One significant advantage of CEUS technology lies in its ability to enable us to observe enhanced lymphatic vessels and lymph nodes on the ultrasound screen in real time. According to the observed enhancement pattern, SLNs could be divided into 3 types.10 Type I: SLN significant homogenous enhancement. The contrast agents were uniformly distributed in the lymph nodes, which might suggest no tumor cell metastasis in the node. Type II: SLN significant homogenous enhancement with low to no perfusion area. The filling defect area of the SLN might be due to partial invasion of a tumor cell. Type III: SLN weak enhancement. In this type, tumor cells might have invaded the entire node and replaced all normal cells, or obstructed major lymphatic vessels, leading to weak enhancement. Based on the type of enhancement pattern, we explored the CEUS value by detecting SLN metastasis preoperatively. Thirty-four cases were predicted to have SLN metastasis (metastasis in 27 cases and no metastasis in 7 cases confirmed by postoperative pathology), and 65 cases were predicted to have no SLN metastasis (metastasis in 5 cases and no metastasis in 60 cases by pathology). The sensitivity and accuracy of our study were comparable to previous studies.13
SLN localization was another vital problem that needed to be solved with CEUS technology. Previous studies had attempted to locate SLN through body surface markers or puncturing needle routes; however, factors such as changing body positions easily affected localization accuracy.11 Guidewires had been used by some studies to improve the aforementioned deficiencies, but patients generally reported discomfort with long guidewire placed inside their bodies.14 Considering these factors, we used 125I particles to locate SLNs with sizes so tiny that we expected it to reduce the foreign body sensation as well as guarantee accuracy. In our study, the accuracy of 125I localization was 96.1% (99/103), higher than the results reported in other papers.15 The reason might be if the seeds were not implanted in the SLNs, we would scrupulously dissect the tissue around the seeds. Localization was also considered successful if lymph nodes could be found within a radius of 5 mm.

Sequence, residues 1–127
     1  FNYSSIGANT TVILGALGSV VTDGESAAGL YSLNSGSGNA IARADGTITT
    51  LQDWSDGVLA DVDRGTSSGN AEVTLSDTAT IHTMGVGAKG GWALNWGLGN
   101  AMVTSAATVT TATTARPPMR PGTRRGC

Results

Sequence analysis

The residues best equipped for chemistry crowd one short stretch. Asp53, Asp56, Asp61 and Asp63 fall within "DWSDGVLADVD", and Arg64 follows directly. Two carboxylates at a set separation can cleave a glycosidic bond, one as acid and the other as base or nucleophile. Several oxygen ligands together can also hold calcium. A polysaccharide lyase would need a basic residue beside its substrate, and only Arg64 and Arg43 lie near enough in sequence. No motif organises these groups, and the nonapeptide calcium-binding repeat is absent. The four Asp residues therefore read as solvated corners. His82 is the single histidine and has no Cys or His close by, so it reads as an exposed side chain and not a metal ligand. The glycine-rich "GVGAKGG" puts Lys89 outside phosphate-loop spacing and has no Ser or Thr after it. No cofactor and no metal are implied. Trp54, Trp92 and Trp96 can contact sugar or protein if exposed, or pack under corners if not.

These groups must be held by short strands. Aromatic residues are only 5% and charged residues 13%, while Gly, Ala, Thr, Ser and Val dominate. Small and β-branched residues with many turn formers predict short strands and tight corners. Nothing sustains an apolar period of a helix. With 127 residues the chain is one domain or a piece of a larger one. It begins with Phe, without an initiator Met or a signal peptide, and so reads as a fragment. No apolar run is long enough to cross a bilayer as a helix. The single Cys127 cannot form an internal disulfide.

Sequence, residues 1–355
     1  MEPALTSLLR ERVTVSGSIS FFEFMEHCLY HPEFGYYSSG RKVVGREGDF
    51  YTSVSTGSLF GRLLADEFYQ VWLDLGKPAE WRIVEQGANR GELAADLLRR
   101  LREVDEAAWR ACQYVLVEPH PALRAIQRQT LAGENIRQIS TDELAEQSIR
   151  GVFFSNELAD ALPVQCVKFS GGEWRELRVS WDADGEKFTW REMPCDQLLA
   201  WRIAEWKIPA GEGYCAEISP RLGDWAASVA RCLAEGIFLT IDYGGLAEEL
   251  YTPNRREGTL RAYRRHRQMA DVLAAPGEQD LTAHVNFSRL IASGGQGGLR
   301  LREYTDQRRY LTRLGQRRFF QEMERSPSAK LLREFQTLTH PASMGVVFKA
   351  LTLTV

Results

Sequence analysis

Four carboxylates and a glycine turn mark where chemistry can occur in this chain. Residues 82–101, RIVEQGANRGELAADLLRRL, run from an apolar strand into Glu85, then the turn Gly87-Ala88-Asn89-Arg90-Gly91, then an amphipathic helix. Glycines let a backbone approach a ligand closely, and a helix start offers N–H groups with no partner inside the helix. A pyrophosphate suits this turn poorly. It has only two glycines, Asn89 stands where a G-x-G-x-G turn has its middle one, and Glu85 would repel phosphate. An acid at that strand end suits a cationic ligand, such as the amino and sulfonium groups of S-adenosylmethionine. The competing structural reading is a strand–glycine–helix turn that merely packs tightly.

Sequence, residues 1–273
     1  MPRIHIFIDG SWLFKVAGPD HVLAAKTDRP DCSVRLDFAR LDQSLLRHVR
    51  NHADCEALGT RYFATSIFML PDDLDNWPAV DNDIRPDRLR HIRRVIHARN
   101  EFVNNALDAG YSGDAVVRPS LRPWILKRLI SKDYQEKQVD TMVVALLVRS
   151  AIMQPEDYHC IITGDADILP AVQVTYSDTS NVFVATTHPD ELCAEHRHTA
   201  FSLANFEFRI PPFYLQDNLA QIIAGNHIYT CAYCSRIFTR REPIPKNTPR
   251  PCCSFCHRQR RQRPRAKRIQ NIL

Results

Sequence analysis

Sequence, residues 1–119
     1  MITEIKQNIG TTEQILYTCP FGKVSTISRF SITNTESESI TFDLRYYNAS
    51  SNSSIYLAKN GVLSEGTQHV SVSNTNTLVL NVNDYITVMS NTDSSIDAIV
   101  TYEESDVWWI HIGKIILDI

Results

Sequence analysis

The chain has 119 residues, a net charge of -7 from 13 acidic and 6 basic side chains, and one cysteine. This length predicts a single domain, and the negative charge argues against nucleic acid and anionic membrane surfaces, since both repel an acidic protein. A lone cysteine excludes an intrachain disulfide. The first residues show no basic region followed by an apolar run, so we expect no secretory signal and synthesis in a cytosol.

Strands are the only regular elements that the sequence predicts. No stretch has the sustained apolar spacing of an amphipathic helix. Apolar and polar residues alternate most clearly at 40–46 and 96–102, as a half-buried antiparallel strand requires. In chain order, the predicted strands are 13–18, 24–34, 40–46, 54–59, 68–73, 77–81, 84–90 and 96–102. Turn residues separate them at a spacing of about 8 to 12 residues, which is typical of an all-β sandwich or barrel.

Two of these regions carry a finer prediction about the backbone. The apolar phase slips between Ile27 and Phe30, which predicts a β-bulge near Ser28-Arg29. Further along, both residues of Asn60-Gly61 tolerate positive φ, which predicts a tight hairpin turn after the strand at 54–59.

After 125I seed implantation, all patients received a routine mammogram to observe if the seeds were accurately placed into the SLNs. Compared with the successful implantation rate in surgery (96.1%), the accuracy of preoperative mammogram was lower (65.0%). The reason might be that the mammogram is not competent enough to show the entirety of the SLN clearly, and it is hard to determine the relative position through 2-dimensional images. A Tomography X-ray scan or MRI may be a better way to observe the position of 125I seeds in the axilla.